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ARS Home » Southeast Area » Florence, South Carolina » Coastal Plain Soil, Water and Plant Conservation Research » Research » Publications at this Location » Publication #116431


item Novak, Jeffrey

Submitted to: Geoderma
Publication Type: Peer Reviewed Journal
Publication Acceptance Date: 1/24/2005
Publication Date: 3/19/2005
Citation: Ding, G., Liu, X., Herbert, S., Novak, J.M., Amarasiriwardena, D., Xing, B. 2006. Effect of cover crop management on soil organic matter. Geoderma. 130:229-239.

Interpretive Summary: Soil organic matter (SOM) is a very important component of soil because it influences many chemical and physical properties that affect the quality of soil. Agricultural practices such as cover crop and nitrogen (N) management will influence the amount of plant residue returned to soil and the N available to convert this residue into organic matter. Thus, it is important from a crop productivity and soil quality standpoint to determine how changes in cover crop and N management will influence the amount and chemistry of SOM. Studying the chemistry of SOM is complex. The SOM must be extracted from soil using various solutions, and the fractions obtained are characterized using sophisticated analytical equipment. We characterized the SOM fractions obtained from soils under a vetch/rye, rye alone and no cover crop. After characterization, we found that there was more SOM under the vetch/rye and rye alone treated with N fertilizer and it was chemically different than SOM under no cover crop. Our results mean that to maintain a soil's high agricultural productivity, it is prudent to continue using a cover crop with N fertilizer management.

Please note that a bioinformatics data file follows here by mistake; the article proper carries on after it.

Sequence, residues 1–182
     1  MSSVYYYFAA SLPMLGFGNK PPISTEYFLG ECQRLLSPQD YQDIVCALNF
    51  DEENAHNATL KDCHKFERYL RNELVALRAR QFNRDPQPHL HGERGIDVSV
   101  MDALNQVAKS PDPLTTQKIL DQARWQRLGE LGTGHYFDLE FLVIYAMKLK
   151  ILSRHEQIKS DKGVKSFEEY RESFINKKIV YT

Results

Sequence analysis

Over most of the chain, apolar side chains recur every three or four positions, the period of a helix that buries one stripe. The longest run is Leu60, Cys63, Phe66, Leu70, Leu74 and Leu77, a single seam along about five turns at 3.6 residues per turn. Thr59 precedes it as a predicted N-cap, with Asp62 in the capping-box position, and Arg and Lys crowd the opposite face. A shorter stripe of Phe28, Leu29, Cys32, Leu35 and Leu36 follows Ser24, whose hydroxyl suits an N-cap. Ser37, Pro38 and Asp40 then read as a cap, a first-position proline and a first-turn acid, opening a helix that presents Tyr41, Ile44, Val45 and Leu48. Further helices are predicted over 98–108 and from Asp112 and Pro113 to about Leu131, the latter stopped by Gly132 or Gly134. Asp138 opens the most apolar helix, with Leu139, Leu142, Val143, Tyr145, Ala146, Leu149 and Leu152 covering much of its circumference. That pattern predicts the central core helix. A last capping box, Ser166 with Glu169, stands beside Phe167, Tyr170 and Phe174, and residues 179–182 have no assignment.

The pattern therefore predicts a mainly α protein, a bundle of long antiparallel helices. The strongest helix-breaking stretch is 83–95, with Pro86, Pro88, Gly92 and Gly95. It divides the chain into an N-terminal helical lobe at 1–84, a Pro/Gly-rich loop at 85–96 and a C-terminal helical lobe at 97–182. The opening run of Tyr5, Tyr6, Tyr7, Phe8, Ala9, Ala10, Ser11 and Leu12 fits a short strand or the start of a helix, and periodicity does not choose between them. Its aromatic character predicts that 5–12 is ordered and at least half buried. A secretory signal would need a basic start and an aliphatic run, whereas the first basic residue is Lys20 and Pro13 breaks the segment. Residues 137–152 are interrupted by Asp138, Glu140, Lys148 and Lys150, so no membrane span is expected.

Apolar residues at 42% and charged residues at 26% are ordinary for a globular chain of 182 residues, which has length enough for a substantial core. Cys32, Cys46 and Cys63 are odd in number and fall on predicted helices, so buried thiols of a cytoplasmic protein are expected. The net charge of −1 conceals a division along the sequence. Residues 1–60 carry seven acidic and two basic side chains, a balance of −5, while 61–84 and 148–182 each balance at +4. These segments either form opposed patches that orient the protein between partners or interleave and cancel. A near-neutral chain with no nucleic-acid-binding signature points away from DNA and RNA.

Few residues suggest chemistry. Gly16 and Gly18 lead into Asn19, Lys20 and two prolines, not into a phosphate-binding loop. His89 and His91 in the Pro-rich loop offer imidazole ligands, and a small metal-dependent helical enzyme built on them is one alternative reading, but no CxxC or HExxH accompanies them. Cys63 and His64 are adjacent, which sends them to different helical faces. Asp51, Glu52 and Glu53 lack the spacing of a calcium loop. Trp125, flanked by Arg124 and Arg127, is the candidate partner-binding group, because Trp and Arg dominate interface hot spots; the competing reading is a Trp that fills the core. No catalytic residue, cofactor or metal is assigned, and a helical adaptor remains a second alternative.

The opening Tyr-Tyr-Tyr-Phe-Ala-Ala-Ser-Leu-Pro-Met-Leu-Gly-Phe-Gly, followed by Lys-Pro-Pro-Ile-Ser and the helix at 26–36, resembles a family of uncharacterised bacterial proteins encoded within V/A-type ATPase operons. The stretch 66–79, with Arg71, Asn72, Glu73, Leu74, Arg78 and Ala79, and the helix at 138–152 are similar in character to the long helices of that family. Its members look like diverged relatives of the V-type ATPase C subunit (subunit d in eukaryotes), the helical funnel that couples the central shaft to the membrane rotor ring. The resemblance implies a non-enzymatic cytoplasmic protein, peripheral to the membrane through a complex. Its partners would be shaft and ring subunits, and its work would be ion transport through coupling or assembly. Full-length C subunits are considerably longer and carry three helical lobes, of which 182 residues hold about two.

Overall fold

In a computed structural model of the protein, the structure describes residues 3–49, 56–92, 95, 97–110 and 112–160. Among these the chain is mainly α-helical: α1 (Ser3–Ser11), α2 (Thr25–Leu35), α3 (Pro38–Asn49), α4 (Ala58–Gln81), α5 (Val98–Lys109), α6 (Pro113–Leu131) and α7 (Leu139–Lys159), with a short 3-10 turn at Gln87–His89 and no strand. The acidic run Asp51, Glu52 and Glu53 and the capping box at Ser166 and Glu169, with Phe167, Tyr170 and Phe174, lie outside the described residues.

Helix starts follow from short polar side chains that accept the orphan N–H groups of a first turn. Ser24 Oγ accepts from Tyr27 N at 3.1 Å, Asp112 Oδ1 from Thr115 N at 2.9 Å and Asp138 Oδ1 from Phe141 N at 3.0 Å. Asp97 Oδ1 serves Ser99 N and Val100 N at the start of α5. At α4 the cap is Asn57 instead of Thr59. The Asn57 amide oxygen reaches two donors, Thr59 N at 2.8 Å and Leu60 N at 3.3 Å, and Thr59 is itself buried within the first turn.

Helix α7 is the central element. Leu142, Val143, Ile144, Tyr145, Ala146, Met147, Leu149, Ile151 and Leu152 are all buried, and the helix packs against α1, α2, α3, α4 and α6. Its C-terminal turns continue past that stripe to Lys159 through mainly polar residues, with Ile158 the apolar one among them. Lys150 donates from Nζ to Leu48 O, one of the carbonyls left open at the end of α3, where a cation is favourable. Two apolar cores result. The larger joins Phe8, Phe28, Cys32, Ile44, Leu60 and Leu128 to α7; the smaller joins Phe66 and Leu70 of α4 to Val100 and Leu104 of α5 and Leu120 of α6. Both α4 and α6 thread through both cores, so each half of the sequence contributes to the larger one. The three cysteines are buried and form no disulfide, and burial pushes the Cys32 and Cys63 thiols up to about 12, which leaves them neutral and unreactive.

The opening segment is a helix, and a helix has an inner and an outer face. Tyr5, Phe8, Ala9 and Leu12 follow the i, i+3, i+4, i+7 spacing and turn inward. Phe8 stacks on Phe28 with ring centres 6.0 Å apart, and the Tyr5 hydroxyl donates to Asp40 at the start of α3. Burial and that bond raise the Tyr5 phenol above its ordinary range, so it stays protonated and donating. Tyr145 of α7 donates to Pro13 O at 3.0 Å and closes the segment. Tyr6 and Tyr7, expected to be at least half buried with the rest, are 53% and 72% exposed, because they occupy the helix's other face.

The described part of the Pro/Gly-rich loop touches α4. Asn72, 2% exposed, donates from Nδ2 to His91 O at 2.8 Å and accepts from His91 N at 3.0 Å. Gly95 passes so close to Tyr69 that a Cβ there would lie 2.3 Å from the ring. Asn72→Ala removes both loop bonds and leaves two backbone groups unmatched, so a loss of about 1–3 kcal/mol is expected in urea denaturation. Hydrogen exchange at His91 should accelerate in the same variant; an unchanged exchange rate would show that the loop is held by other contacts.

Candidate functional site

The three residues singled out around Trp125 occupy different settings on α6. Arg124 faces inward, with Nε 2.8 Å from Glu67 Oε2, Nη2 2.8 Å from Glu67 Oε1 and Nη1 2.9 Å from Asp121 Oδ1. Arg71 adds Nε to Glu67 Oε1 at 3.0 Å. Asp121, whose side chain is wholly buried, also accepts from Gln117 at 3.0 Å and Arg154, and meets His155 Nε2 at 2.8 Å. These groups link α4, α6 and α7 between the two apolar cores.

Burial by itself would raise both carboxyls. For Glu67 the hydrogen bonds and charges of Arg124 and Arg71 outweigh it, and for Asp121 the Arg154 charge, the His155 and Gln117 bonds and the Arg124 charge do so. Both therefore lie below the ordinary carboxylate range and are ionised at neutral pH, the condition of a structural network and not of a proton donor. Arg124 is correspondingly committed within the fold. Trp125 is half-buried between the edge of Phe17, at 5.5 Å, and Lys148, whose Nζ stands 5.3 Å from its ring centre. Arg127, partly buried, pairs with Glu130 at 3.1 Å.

Technical Abstract: Characterization of soil organic matter (SOM) is important for determining the overall quality of soils, and cover crop system may change SOM characteristics. The purpose of this study was to examine the effect of cover crops on the chemical and structural composition of SOM. We isolated humic substances (HS) from soils with the following cover crop treatments: a) Vetch (Vicia Villosa Roth.)/Rye (Sesale cereale L.), b) Rye alone, and c) Check (no cover crops) that were treated with various nitrogen (N) fertilizer rates. CPMAS-TOSS (Cross-Polarization Magic-Angle-Spinning and TOtal Sideband Suppression) 13C NMR results indicated that humic acids (HA) from soils under rye only were more aromatic and less aliphatic in character than the other 2 cover crop systems without fertilizer N treatment. Based on the DRIFT (diffuse reflectance Fourier transform infrared) spectra peak O/R ratios, the intensities of oxygen-containing functional groups to aliphatic and aromatic (referred to as recalcitrant) groups, the highest ratio was found in the HA from the vetch/rye system with fertilizer N. The lowest ratio occurred at the vetch/rye system without fertilizer N treatment. The O/R ratio of fulvic acids (FA) can be ranked as: vetch/rye without fertilizer > vetch/rye with fertilizer > no cover crop without fertilizer > rye alone (with or without fertilizer) soils. Both organic carbon (OC) and light fraction (LF) contents were higher in soils under cover crop treatments with and without fertilizer N than soils with no cover crop. These chemical and spectroscopic data show that cover crops had a profound influence on the soil SOM and LF characteristics.